I'm ready to go all the time but he never wants it...does that mean he is gay?
CJ replies:Later into our relationship my boyfriend and I (both 17) had a lot of disagreements over sex. He rarely was "in the mood" while I was often ready to go. When I talked to my friends, they just said he was gay for not wanting to do anything with me. Could there be some other reason why he doesn't want to do sexual things with me?
Short answer: Absolutely, yes. There could be—and likely are—plenty of other reasons why your boyfriend does not want to do sexual things with you.
Longer answer: Our decision about whether to have sex, or whether to engage in any type of sexual behavior is rarely the result of a single factor. It’s pretty complicated and there can be a lot of pieces to the puzzle when it comes to whether or not we’re feeling in the mood for sex. Libido—our desire for any given kind of sexual activity—is connected to a lot of different aspects of our lives and cannot be separated out cleanly from what is going on in the rest of our lives. Libido is built from a number of interactional factors, including physical, physiological, emotional, spiritual, intellectual, and chemical.
I think that so often we have this conception of guys, particularly teen guys, where we believe that they are absolutely horny, absolutely wanting sex (from anyone, really) pretty much all the time. In that construction, men are constantly thinking about sex, constantly in pursuit, and so it would certainly come as a shock if you came across a guy who was not immediately ready or wanting to jump into the sack. But I think that’s a dangerous conception of men for a few reasons. First of all, it’s just not true. Sure, there may be moments in a guy’s life when it feels like sex is all he can think about, but it’s not really a lasting thing and it does not get at the whole of one’s experience of being a guy. With regard to that stereotype being particularly strong for the ways we think about teens, it’s also dangerous because it sets up this notion that teen men cannot control themselves because of raging hormones. That’s sort of insulting to teen men, I think; the reality is that no matter what your hormones are doing, we still have choices about how we relate with others, and what we choose to do with our bodies.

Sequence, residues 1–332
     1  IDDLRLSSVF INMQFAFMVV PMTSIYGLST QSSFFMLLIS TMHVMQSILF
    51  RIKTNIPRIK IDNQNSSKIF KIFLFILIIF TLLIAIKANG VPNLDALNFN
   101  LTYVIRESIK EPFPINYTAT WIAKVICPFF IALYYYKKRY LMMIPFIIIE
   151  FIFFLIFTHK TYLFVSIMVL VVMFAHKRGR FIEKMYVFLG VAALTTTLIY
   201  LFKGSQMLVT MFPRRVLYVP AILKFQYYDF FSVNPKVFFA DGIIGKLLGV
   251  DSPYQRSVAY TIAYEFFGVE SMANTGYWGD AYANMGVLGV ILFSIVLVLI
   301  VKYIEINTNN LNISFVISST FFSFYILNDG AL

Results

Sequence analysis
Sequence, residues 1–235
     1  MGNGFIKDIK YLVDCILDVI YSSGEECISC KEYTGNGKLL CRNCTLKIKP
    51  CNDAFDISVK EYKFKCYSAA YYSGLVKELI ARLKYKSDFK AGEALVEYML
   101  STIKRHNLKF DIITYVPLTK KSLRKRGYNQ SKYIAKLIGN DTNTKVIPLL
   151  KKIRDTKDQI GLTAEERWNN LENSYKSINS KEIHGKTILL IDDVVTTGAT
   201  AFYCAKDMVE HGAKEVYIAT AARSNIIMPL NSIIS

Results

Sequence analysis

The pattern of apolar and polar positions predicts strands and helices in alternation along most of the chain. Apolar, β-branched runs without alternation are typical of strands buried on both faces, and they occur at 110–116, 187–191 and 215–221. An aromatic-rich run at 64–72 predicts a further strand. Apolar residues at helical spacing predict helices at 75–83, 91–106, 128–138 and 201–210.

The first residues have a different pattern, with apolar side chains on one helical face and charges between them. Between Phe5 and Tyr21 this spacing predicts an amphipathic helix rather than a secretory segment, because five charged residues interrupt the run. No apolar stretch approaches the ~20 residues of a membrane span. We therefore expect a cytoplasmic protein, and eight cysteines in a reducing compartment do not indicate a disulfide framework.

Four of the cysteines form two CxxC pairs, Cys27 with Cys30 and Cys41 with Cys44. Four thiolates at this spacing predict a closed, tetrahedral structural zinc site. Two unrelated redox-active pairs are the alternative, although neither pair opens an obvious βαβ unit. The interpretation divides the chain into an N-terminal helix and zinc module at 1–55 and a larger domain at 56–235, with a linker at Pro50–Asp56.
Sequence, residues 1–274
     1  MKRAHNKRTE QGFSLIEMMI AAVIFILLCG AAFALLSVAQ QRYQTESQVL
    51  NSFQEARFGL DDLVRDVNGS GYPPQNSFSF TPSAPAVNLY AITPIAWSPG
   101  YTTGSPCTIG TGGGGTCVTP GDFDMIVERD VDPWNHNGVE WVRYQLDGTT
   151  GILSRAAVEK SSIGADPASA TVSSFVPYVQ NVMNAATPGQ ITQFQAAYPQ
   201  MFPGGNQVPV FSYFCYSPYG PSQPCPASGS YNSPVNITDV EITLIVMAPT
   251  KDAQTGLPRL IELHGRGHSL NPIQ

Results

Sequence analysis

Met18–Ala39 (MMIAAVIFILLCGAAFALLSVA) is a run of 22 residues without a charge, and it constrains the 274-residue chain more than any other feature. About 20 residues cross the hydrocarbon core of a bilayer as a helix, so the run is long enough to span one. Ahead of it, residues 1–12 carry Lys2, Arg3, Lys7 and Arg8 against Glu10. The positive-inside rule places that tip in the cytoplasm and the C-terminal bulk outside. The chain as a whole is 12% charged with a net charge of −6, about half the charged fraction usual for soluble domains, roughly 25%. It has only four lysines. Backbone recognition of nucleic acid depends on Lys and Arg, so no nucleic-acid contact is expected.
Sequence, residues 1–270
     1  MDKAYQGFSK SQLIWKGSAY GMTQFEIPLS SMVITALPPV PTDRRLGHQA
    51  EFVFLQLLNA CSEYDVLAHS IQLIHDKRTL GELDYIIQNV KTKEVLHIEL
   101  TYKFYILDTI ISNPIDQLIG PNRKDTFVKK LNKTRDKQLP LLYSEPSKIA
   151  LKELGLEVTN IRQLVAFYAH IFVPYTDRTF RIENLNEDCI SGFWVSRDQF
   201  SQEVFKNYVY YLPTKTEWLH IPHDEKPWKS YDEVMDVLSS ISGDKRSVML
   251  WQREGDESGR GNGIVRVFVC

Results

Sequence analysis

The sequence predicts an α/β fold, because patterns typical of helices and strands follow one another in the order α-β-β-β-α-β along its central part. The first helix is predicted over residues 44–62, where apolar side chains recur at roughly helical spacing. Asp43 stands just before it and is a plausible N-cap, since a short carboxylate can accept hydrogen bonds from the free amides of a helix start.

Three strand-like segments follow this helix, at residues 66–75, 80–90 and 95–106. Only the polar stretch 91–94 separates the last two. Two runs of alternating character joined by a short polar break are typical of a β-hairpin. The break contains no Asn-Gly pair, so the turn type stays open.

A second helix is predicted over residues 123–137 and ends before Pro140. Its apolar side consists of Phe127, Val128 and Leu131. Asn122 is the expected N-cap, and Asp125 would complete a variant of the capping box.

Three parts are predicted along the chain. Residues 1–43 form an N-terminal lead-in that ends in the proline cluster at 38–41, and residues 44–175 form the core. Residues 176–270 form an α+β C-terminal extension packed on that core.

While hormones certainly play a part in our desire and arousal for sex, there’s more to it than just. As you’ve experienced first hand, there’s diversity in sex drive and libido even within genders. Some women have stronger libidos than others, and some guys have more or less of a desire for sex than others. It’s a really individual thing, and thus needs to be treated as an individual issue. Just as there’s nothing wrong with his desire not to have sex, there’s also nothing wrong with your desire to have sex. Each of us has a different make-up and also different feelings about what being sexual means and how much sex is enough or desirable for us in our lives. It comes down to each of us knowing and being aware of ourselves, and also able to communicate our needs and desires to a partner, should we be involved with one. Part of that communication is also listening to and respecting our partner’s desires. The reality is that we’re not always going to get exactly what we want, when we want it. Given that, respectful communication and an ability to compromise becomes key in maintaining a fulfilling and healthy relationship.
So one of the bottom lines here is that I’d like to throw it out there that it’s perfectly OK that your boyfriend didn’t want to have sex with you, even if you wanted to have sex. I’m glad, in fact, that he held his ground and did not do anything that he did not earnestly desire or feel like doing. Even when we really want something, I hope that you can see that it’s better if everyone involved wants sex to be happening and is not simply doing it out of pressure or guilt or some feeling of obligation to their partner. Shame, guilt, and obligation are pretty solid buzzkills. So often we point out that it’s not OK for guys to pressure girls into having sex, and the same thing holds when you change around genders. I believe that in order for the enthusiastic YES to sex to have meaning, we need to be able to hear and respect the NO to sex, as well.